NICE guidance on controlled drugs urges 30-day supply limit

GPs should ensure they prescribe supplies of controlled drugs to meet needs for no more than 30 days and use lockable bags when transporting them, according to guidance on safe use from NICE.

The NICE guidance on safe use of controlled drugs brings together legislation and existing advice on the best ways of ensuring drugs such as morphine, methadone and diazepam are used safely and responsibly.

It calls on practices to develop a controlled drug policy and standard operating procedures for storing, transporting, destroying and disposing of controlled drugs.

When prescribing, GPs should take into account the benefits of the controlled treatment and the risks of prescribing the treatment – including possible dependency and overdose.

GP prescribing

The regimen should be clearly documented in the person’s care record. Patients should be monitored and have their dose adjusted to achieve good balance between benefits and harms.

GPs should prescribe enough of a controlled drug to meet a person’s clinical needs for no more than 30 days. If larger quantities are prescribed in exceptional circumstances, this should be recorded in the patient’s care record, the advice says.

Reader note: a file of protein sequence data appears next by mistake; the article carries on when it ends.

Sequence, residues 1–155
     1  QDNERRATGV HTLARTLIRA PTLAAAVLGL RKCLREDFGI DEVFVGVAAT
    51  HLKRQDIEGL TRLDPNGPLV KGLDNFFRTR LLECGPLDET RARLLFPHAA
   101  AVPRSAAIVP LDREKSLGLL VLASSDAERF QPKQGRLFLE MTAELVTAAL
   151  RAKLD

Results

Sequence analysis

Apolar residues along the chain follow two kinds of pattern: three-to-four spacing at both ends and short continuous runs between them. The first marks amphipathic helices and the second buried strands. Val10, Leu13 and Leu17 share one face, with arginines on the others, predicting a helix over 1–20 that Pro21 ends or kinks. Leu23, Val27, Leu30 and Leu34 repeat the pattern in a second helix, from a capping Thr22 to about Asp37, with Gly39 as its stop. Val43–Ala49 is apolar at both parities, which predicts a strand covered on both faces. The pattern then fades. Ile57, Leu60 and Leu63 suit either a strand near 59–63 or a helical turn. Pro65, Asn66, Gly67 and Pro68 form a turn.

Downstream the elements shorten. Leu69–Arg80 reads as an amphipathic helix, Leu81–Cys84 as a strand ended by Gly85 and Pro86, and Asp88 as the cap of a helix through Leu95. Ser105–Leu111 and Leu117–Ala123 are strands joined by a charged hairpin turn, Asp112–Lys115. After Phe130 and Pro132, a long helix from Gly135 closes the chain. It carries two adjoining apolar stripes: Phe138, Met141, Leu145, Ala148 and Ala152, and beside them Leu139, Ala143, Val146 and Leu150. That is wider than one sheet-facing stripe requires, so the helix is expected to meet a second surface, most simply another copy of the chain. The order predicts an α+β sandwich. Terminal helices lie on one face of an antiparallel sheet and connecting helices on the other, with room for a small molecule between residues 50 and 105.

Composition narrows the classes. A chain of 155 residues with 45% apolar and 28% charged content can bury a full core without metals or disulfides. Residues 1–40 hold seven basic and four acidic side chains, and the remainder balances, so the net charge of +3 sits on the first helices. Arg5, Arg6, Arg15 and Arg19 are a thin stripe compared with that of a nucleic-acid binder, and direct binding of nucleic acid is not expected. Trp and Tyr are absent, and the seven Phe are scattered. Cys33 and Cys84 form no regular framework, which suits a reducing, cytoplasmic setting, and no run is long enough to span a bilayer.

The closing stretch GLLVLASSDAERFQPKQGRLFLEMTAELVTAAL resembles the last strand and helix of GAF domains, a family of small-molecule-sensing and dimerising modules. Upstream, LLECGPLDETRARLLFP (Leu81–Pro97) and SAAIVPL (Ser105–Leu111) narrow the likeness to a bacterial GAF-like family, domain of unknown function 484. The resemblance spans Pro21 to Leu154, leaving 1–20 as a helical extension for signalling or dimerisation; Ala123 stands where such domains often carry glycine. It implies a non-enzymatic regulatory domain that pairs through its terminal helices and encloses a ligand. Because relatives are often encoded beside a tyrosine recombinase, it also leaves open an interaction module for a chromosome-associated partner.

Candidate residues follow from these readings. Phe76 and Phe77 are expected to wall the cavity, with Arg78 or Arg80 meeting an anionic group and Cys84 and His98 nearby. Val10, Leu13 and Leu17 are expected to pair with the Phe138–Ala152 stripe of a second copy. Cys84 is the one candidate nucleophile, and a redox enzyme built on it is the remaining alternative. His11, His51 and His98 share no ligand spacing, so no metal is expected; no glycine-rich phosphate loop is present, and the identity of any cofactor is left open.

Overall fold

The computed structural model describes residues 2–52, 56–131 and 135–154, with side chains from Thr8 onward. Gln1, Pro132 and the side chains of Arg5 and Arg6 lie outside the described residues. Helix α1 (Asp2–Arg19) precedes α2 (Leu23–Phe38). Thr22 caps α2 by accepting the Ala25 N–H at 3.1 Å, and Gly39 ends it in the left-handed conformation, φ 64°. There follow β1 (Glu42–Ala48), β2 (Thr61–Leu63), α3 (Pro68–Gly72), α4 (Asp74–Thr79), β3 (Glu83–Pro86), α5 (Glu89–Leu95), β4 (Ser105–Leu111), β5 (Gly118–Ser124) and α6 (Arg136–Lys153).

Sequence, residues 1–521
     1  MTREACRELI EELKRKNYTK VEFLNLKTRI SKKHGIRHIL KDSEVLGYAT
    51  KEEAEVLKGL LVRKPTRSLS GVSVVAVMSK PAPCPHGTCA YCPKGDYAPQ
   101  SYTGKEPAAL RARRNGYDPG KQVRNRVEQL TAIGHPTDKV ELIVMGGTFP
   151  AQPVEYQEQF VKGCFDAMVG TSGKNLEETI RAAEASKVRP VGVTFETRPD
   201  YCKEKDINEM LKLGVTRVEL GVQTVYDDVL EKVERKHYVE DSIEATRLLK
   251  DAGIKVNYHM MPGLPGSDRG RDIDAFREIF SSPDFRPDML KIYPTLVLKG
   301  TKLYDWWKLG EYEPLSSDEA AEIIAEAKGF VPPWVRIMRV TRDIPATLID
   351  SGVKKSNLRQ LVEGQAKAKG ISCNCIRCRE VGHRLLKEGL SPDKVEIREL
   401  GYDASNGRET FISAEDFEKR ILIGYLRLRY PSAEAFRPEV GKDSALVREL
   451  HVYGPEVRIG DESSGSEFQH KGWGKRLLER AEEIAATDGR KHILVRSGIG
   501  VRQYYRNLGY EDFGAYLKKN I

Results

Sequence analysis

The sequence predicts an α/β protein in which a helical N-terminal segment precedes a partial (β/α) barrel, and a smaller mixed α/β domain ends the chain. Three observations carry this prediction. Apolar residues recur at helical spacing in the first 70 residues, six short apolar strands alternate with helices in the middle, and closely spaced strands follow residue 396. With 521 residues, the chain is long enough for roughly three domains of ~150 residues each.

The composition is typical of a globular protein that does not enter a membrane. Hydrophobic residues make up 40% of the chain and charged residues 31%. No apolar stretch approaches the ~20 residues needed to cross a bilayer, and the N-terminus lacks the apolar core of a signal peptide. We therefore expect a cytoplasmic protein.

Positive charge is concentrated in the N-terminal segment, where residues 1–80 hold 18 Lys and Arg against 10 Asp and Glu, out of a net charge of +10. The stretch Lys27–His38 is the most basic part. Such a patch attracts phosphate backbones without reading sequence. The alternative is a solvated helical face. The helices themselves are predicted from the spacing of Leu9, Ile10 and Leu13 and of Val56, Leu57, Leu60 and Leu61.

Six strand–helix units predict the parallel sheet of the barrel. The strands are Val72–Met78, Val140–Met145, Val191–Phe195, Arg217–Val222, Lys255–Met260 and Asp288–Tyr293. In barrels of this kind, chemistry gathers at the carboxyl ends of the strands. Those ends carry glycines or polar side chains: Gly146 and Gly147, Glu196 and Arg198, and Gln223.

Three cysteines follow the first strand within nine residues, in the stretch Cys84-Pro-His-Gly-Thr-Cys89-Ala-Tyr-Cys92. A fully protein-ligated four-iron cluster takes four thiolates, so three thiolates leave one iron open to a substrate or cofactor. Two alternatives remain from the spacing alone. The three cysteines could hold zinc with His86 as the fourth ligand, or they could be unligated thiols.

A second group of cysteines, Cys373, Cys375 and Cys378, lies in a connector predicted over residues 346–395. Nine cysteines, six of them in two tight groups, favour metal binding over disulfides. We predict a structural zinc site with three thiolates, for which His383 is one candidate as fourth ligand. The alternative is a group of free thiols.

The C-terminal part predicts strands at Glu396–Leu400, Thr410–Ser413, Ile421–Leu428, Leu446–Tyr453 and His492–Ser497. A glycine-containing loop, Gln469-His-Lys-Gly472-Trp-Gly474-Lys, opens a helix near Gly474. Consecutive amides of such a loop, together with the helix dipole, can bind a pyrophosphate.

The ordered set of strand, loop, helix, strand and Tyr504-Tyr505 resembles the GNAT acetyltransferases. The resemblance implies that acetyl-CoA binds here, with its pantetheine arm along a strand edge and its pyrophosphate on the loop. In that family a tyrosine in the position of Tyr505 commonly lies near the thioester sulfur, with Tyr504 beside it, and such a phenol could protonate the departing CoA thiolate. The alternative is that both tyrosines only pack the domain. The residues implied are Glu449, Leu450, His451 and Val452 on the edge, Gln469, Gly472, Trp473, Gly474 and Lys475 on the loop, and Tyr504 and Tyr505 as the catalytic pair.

When storing controlled drugs, practices must make sure that they are doing so in line with the Misuse of Drugs (Safe Custody) Regulations 1973.

This includes providing appropriate security settings for the drugs in question and taking into account additional storage needs for controlled drugs of different strengths with similar or ‘lookalike’ packaging.

Controlled drugs

Regular stock checks – preferably carried out by two people – should be taken to ensure stocks match registers.

Clinicians should use lockable bags when transporting controlled drugs off the premises.

GP Dr Tessa Lewis, who chaired the guideline development group, said: ‘A great deal of work has been done recently to help ensure the safe use and management of controlled drugs at a local and national level.

‘However, ongoing activity and vigilance is required to sustain the positive developments that have been achieved since the changes to the structure of the NHS took effect in 2012.

‘In considering changes to legislation and to the NHS structure as well as relevant patient safety incidents, this guidance provides further clarity and good practice recommendations across most NHS settings and people’s own homes.

‘Our aim with this guideline is to support organisations and individuals to minimise the potential harms associated with these medicines by having robust systems and processes in place for their use.’

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